OTTAWA, ON (January 15, 2021): In the first week of 2021, we witnessed an angry mob descend upon the US Capitol, resulting in a shaken country, lives lost, and a seemingly tenuous democracy. This was a stark example of the consequences of information warfare, and a reminder of the need to counter such activities from hostile foreign states.
In the latest edition of MLI’s Straight Talk, Elisabeth Braw, a fellow at the American Enterprise Institute, and MLI senior fellow Marcus Kolga discuss the need for building a resilient society to defend against information warfare. This publication is based on a transcript of a recent episode of Pod Bless Canada that features a conversation between the two experts and MLI senior fellow Balkan Devlen, as part of a project supported by the NATO Public Diplomacy Division.
Throughout the conversation, Braw and Kolga discuss how western societies are failing to address the growing information warfare in Europe and Canada. As Braw notes, “I think the fundamental challenge that we have is the increasing distrust of authorities, whether it be government authorities, political parties, or news media in our societies.”
“One of the things that I’m seeing is that conspiracy theorists often try to cast doubt on mainstream media and established journalists,” Kolga adds. “Before COVID, I tried in some of my lectures to try to humanize journalists. They’re constantly accused of having biases, and quite frankly, journalists are human beings, and they do have biases, and we need to sort of acknowledge that.”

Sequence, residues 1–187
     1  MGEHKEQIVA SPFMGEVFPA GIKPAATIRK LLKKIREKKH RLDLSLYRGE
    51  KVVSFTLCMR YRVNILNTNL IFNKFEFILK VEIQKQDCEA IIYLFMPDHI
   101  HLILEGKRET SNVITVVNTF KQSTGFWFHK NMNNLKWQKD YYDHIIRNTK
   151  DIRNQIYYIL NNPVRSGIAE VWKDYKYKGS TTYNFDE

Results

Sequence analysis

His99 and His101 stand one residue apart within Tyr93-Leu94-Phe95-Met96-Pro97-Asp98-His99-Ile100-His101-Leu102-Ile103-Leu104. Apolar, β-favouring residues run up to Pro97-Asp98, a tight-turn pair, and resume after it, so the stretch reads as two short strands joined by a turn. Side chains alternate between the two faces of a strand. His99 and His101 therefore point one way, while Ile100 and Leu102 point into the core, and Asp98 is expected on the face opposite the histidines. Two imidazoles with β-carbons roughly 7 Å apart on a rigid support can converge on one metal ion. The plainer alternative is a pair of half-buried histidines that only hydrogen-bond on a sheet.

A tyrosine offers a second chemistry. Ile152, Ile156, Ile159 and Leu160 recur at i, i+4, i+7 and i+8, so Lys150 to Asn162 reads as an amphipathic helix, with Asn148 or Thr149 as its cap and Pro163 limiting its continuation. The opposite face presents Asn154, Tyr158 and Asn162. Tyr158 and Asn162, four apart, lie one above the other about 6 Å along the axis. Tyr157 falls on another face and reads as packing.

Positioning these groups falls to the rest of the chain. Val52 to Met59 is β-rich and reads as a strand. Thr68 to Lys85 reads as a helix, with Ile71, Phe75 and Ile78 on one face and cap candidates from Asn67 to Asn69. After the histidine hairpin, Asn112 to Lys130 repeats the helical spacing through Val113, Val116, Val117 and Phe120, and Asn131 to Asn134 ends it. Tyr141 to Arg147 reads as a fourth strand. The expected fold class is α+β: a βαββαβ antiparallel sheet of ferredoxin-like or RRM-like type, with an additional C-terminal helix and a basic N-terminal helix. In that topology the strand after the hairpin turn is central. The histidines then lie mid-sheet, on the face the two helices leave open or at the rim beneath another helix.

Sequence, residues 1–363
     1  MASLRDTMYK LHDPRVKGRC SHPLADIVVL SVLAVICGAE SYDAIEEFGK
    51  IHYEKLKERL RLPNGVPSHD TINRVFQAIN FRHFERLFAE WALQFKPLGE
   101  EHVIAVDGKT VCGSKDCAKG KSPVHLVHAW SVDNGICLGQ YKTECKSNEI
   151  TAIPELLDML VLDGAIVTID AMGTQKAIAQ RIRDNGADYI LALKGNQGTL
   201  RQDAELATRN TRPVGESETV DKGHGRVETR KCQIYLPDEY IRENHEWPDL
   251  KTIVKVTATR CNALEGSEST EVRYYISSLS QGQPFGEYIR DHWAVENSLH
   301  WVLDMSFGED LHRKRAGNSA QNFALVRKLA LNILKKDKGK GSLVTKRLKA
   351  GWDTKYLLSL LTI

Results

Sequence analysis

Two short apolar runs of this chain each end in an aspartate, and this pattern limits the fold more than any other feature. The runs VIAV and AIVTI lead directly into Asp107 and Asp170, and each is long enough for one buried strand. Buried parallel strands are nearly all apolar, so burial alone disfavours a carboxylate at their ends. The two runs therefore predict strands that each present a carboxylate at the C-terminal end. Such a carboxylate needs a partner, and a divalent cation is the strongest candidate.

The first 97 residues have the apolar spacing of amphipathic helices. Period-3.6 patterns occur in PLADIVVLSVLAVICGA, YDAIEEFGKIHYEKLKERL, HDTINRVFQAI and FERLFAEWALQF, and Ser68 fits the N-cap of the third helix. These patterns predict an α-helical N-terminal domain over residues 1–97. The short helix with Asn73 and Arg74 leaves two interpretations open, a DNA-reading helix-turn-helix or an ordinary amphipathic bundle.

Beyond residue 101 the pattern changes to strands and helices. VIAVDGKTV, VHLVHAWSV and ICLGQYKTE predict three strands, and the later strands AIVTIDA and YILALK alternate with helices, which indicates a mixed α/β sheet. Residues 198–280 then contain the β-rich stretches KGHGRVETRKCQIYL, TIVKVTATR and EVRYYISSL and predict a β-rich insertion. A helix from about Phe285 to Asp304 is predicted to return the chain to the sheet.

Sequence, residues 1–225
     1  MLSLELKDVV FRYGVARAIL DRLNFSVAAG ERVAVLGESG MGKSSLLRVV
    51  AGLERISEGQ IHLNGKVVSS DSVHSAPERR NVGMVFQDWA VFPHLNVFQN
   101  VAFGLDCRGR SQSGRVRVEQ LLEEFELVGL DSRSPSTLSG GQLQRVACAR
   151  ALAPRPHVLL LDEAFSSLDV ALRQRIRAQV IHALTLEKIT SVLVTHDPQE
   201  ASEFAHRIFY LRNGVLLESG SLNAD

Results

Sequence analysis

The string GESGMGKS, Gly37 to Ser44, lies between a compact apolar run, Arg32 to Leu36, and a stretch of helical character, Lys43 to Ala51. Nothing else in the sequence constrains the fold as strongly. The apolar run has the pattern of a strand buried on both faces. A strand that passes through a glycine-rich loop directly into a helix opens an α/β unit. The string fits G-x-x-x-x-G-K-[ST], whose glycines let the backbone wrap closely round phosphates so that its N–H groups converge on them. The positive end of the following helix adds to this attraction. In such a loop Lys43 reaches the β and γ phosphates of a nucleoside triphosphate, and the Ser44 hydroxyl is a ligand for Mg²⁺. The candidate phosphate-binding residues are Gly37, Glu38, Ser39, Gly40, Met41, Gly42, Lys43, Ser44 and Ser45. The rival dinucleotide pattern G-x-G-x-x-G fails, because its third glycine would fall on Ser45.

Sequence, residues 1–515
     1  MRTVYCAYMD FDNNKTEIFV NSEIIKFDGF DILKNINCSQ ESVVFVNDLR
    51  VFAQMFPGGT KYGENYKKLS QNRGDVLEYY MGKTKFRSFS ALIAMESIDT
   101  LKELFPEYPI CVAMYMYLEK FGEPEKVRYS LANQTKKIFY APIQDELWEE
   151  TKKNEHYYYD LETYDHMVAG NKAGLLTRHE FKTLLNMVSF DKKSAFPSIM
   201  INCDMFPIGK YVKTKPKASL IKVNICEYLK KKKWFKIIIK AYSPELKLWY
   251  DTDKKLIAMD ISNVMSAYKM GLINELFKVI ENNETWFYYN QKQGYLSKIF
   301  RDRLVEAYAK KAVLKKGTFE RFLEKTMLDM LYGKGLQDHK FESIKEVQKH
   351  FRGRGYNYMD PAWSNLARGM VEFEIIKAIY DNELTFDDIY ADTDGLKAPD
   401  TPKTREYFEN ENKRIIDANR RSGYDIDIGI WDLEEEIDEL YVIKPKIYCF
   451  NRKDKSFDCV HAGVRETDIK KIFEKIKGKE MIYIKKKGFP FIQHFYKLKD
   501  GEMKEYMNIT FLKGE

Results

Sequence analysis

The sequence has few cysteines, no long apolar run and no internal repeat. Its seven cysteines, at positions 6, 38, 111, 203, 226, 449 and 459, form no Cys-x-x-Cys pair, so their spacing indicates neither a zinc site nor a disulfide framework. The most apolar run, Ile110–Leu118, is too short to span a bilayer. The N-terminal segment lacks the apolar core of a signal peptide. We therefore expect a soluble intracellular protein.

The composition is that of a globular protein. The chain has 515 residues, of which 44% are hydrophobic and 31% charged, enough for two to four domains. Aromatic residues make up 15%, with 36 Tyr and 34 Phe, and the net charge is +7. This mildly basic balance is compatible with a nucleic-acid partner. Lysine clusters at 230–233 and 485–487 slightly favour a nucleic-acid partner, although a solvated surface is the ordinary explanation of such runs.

As economic uncertainty grows and the COVID pandemic continues to wreak havoc, divisions and polarization have only deepened in our society. Braw and Kolga go on to discuss actionable items for decision-makers to implement in order to combat information warfare and foreign disinformation. They stress the need to coordinate a whole-of-government and whole-of-society as part of our response.
Throughout the conversation, Braw and Kolga discuss a wide range of topics including:
- Collaboration with international allies and organizations such as NATO;
- Looking to successful countries like Taiwan for key lessons;
- Integrating the private sector in combatting information warfare; and
- Building media literacy and public trust, and more.
“This deepening polarization and the enabling effect that social media has in promoting those narratives represent an existential threat to our democracy and society as we know it today. If we don’t address it and work with our international allies in addressing it, we’re in for real trouble,” warns Kolga.
To read the full Straight Talk Q&A, click here.
Elisabeth Braw is a Visiting Fellow at the American Enterprise Institute (AEI), where she focuses on deterrence against emerging forms of aggression, such as hybrid and grey zone threats.
Marcus Kolga is documentary filmmaker, writer, human rights activist. He is a senior fellow at the Macdonald-Laurier Institute and director of DisinfoWatch.org.
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